If nothing changes, then maybe it’s time to change your relationship with this company. Keep networks of businesses aware of your situation so you can move more quickly if something opens up.

Finding talented people

In many cases, startups struggle to find employees who are willing and able to work with them. A large part of this comes from language differences.

Since most Japanese employers use recruitment agencies that help customers find jobs, there’s very little knowledge of how to recruit someone inside the company.

In addition, due to cultural differences, Japanese workers prefer to be given clear goals and instructions instead of being told what to do. This can make it difficult for companies to identify talent in an employee.

Another challenge is that some departments within companies seem to lack leadership. For example, nobody will look out for market trends if no one is responsible for marketing.

This is why some companies have combined functions such as sales and development into single individuals who both perform each function.

If are you an English-speaking tech talent looking for a job in Japan? Or would your company like to hire someone who speaks Japanese and can work with clients onsite in any country worldwide? Need more information about how this exciting opportunity works, visit EmploymentJapan.com.

Getting customers

Customer satisfaction is very important in Japan. If you want to succeed in business, then you need to understand this culture first.

Your customer base will increase if you provide good quality products and services at fair prices with fast delivery. People love shopping from businesses that treat them well.

You also have to keep in mind that internet sales are still growing in Japan, so there are a lot of opportunities for overseas companies to take advantage of that market.

Handling customer complaints

In any country, the business loses customers when they are not satisfied with their service. However, there is no official way to complain about a company’s services in Japan. There is “soft complaining,” which can be done by email or speaking in private, but there is no public portal through which everyone can join.

Some companies created online complaint forums as a way to connect with other people who were complaining about the same product/service. But these were rarely monitored, and when they were, the comments would usually be deleted for being inappropriate.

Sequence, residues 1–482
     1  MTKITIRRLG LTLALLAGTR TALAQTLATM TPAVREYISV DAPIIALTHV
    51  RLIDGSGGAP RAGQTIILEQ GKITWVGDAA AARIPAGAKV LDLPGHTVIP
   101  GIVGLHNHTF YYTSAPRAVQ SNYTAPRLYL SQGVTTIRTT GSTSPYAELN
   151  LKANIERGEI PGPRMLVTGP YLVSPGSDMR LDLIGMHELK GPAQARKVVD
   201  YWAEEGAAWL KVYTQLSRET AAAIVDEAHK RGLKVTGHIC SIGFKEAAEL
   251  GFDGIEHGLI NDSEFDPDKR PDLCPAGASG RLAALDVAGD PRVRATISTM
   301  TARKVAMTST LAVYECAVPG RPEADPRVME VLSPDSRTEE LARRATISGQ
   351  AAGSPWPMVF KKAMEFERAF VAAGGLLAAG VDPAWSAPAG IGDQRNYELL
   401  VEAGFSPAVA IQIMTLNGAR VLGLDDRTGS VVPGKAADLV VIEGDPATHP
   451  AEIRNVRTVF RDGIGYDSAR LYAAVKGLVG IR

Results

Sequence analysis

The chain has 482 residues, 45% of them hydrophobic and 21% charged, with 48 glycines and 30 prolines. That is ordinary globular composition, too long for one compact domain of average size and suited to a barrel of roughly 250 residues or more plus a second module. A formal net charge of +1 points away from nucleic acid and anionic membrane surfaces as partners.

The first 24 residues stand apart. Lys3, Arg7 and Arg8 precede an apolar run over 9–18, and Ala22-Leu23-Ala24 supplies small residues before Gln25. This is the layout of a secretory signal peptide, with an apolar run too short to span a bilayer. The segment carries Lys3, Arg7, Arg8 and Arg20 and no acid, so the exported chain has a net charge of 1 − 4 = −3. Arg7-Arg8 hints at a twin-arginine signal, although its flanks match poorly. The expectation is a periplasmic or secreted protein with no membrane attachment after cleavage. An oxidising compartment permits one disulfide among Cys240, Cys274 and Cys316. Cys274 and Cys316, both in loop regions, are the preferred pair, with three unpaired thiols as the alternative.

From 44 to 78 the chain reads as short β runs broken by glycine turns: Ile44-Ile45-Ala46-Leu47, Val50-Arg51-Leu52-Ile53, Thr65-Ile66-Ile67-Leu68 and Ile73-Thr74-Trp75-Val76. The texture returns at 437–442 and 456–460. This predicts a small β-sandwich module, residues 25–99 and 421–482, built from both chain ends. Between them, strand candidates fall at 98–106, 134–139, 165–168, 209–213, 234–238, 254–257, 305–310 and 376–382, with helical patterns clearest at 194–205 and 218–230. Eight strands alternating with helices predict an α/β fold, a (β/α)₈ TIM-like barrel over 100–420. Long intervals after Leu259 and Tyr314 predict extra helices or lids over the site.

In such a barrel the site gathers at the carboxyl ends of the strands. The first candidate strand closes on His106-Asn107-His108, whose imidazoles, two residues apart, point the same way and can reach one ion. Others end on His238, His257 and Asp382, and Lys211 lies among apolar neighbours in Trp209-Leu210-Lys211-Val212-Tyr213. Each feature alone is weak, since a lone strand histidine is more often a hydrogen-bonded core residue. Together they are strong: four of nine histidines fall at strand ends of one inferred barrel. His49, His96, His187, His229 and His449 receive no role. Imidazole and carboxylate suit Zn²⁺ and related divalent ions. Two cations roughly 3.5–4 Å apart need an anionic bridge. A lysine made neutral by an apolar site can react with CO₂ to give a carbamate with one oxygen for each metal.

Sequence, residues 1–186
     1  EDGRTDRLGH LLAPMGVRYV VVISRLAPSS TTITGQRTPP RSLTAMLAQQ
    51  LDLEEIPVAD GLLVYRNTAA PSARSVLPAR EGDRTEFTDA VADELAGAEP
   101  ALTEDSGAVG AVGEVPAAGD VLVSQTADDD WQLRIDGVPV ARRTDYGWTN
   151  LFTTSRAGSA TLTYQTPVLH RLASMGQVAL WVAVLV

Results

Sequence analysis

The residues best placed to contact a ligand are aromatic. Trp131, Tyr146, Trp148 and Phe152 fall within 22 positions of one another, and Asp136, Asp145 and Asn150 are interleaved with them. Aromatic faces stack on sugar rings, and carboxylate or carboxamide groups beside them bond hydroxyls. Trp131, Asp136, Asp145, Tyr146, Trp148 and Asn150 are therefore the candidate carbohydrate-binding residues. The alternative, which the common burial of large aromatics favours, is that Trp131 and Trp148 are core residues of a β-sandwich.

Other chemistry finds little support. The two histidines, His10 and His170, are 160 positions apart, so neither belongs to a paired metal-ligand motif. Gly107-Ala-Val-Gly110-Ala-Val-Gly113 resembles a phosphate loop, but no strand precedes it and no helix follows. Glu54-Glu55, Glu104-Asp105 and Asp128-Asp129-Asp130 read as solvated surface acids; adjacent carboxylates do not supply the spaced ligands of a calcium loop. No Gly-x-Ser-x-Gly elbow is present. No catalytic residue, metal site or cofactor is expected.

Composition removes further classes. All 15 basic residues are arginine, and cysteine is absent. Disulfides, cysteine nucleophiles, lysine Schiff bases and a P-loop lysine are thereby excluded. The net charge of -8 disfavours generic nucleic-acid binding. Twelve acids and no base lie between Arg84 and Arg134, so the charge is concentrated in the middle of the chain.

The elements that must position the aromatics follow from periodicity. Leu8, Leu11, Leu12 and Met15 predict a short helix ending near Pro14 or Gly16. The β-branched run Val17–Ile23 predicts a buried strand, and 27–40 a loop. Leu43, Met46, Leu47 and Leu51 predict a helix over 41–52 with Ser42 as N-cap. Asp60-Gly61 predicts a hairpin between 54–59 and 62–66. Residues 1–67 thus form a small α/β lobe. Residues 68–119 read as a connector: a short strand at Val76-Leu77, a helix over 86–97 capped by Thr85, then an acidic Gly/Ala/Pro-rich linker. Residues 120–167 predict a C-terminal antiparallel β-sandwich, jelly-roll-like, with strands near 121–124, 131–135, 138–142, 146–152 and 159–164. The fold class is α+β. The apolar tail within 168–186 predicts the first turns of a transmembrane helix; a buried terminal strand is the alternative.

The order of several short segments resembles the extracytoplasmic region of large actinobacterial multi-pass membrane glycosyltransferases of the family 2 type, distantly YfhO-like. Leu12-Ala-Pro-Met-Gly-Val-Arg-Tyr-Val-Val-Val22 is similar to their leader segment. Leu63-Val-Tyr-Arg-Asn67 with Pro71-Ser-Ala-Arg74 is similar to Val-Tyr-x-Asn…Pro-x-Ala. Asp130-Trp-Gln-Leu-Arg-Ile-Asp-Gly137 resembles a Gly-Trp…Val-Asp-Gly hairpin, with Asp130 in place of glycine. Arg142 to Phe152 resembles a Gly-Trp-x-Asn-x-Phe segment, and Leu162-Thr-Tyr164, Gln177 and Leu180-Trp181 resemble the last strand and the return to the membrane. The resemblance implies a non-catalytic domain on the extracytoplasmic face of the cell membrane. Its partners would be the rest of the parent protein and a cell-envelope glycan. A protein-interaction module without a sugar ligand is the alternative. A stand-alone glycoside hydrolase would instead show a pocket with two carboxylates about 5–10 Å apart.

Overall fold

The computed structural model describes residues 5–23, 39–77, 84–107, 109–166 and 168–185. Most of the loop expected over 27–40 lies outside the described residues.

As a result, most businesses have learned how to resolve complaints quickly and quietly without making an issue too big. Many simply ignore problems that unhappy customers bring them at one time or another.

This can backfire and greatly affect your business if someone else has a problem with your service or item. When this happens, you will lose both new customers and repeat business.

To avoid this, think about why you want to take on this challenge before you do anything. And take steps to resolve the concern quickly and properly.

Protecting your brand

Despite its well-known reputation for being direct and to the point, doing business in Japan can be very different from how we do it back home.

For one thing, there are no words like “protection” or “brand” here. But you still want to protect your company and its name, right?

Well, there are many ways to protect your brand, but they all boil down to two things: registration and advertising.

Registration means that you get to use your product name and put it up on shop fronts to attract customers. You also need to make sure that nobody is using the same name as yours (even if it’s not a name).

To register a name, you have to pay fees and promise to keep your name active. The validity term of a trademark in Japan is ten years from the registration date.

Final Words

If you’re thinking of starting your own business in Japan, you may have a few challenges on your mind. We’ve listed some of the most common problems that people face when doing business here in Japan. If you’re planning to move to Japan and set up a business, these challenges will no doubt affect your life here. However, if you’re already living in Japan, hopefully, you won’t experience as much trouble.